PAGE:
Organizing big events always comes with logistical challenges that land in the lap of professional planners, or often, amateur planners tasked with filling the role for friends and family. Beyond securing the venue, evening’s entertainment, and food, the seating arrangements carry their own set of obstacles, which increase with the size of the event. To help with this, we at SeatGen have put together a list of seating tips, which can be used with our [name] to take at least one of those planning headaches off your plate.
The following tips are for arranged seating events, rather than ticket events, since these are arranged according to first-come, first-served and pricing:
- Accept that things will change. A good even planner always has contingencies, and the seating arrangement is no exception. Rain interrupts an outdoor events, there are no-shows, and people will move around and visit with other groups. Essentially, for every space you intend to fill with seating, it will always be better to have too many seats than deal with a standing room situation.
- Grouping is ideal, but not mandatory. Sitting people who you know will want to spend time together is probably always at the top of the list for seating planners. We advise starting at the top and working your way through to the furthest association from the guest(s) of honor. What this means is that you want to be sure the retiree being honored has a seat next to his/her spouse and/or children, and that the immediate family are all within next-table-over distance. The old college roommate who may or may not stick around can be somewhere near the door.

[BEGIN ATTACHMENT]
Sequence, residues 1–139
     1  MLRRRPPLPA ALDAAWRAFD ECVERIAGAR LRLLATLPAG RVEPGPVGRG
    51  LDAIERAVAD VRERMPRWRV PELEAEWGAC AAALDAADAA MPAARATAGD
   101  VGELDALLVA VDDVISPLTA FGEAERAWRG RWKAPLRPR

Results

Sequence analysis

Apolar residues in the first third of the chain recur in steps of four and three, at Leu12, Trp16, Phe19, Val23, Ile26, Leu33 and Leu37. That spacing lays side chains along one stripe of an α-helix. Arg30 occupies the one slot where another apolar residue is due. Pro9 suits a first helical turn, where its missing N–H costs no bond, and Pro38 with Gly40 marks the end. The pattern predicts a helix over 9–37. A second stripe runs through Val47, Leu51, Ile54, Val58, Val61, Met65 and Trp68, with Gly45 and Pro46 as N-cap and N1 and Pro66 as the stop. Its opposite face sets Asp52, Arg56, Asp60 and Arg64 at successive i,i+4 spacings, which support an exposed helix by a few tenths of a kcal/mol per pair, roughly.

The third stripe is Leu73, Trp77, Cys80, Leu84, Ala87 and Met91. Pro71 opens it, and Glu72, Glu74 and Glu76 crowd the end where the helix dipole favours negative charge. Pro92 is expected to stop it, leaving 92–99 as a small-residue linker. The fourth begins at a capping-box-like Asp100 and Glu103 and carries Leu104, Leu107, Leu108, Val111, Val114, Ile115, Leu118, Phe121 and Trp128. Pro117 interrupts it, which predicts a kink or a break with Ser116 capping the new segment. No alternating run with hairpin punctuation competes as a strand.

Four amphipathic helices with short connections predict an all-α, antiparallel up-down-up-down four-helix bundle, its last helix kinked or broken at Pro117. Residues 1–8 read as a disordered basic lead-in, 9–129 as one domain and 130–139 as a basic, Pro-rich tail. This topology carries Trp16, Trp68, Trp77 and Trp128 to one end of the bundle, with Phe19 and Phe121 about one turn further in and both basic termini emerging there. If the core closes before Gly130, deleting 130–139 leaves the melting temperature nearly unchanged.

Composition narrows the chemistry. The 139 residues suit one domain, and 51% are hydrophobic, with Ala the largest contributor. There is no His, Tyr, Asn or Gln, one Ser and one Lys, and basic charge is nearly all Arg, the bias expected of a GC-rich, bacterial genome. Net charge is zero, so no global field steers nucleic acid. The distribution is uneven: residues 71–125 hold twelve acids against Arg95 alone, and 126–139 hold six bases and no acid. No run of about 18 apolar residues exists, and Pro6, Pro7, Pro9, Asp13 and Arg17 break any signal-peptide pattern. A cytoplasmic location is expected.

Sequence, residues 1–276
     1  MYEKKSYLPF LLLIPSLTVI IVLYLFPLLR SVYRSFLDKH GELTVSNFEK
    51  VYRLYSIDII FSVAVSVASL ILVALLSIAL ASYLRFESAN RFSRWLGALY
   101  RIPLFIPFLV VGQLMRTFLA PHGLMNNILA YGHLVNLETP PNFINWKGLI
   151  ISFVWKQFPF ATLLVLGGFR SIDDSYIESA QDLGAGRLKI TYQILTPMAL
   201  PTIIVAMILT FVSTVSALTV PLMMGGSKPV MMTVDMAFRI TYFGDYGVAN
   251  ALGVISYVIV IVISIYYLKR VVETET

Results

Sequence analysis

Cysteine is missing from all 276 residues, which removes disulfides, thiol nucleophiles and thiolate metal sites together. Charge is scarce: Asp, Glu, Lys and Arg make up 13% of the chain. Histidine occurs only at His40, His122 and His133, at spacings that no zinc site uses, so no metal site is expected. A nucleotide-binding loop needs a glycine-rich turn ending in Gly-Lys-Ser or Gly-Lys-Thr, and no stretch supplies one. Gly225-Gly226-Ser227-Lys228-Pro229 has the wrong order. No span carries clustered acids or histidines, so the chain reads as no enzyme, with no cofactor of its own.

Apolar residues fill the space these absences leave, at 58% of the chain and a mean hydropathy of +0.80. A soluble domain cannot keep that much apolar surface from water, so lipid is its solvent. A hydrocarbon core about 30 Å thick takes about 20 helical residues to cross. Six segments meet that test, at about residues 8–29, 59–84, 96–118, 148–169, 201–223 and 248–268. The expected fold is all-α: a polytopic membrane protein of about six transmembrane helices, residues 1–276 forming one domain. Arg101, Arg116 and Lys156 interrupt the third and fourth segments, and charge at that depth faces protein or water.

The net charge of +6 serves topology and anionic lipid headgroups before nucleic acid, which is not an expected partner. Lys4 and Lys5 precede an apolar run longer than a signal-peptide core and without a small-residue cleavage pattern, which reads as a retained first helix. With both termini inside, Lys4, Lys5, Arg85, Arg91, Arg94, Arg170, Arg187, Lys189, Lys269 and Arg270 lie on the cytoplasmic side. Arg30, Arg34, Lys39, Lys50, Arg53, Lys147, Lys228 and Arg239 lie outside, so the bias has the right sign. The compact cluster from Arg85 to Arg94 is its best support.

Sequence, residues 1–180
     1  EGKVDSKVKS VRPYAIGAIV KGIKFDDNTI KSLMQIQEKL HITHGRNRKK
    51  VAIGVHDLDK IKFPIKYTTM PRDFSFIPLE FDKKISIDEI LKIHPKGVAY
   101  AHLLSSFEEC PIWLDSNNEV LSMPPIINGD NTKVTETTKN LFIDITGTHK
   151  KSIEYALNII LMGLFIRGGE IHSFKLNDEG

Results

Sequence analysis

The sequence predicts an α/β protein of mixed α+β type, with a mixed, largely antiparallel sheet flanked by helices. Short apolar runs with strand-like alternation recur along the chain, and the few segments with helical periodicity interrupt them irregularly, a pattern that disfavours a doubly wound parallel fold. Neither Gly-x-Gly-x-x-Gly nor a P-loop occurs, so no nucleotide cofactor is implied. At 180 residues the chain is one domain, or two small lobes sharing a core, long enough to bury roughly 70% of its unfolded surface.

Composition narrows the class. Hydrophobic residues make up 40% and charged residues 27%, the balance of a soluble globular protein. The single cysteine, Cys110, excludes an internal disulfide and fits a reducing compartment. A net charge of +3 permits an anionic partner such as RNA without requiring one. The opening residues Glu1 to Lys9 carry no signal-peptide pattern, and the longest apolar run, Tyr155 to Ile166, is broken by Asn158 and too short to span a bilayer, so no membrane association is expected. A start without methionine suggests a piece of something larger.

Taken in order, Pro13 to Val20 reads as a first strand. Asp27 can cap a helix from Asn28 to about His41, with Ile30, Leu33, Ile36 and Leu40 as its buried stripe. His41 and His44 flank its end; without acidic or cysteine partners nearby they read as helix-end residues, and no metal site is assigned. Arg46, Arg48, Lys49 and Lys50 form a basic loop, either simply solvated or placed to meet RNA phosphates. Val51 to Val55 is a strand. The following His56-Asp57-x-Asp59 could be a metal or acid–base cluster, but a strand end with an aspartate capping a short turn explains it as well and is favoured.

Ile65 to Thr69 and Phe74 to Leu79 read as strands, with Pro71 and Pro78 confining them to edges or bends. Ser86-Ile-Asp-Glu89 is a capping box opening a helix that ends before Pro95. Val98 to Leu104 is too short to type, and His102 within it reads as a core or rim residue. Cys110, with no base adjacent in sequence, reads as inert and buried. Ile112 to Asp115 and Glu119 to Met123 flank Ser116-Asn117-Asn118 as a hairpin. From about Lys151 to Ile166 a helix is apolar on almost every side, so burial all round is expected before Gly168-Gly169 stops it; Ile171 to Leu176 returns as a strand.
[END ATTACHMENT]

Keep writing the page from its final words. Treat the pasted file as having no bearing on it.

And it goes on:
- Work with photographers. With social media photo-sharing, an event’s success isn’t just about the event anymore. Now, it’s about the visuals, the still images that will populate photo albums and become precious memories. Photographers, being adept at visuals and angles, are good consultants when it comes to forming arrangements in open space. Most will gladly lend suggestions that make their jobs easier.
- Consider all angles. The bird’s-eye view of a seating chart seems an easy concept—just make sure there are enough chairs for the amount of people. However, there are ground-level considerations that make it less cut and dry. Do the guests have enough room to move comfortably down the rows without interrupting others? Is the front row going to walk in front of the focal point (e.g. the podium) when they stand up for a bathroom break? Is someone in danger of hearing loss for sitting too close to a loudspeaker? These are the considerations that require ground-level walkthroughs and hands-on consideration.
Who is SeatGen?
SeatGen is an intelligent seating chart template that helps planners create professional seating charts. The tips mentioned above are for events, but SeatGen is equally (or perhaps more) a tool for teachers and professors, and one that could be issued school-wide to make staff lives easier. Packages are offered that range from individual to small teams to large teams to institutions, so there should be no problems in finding the one that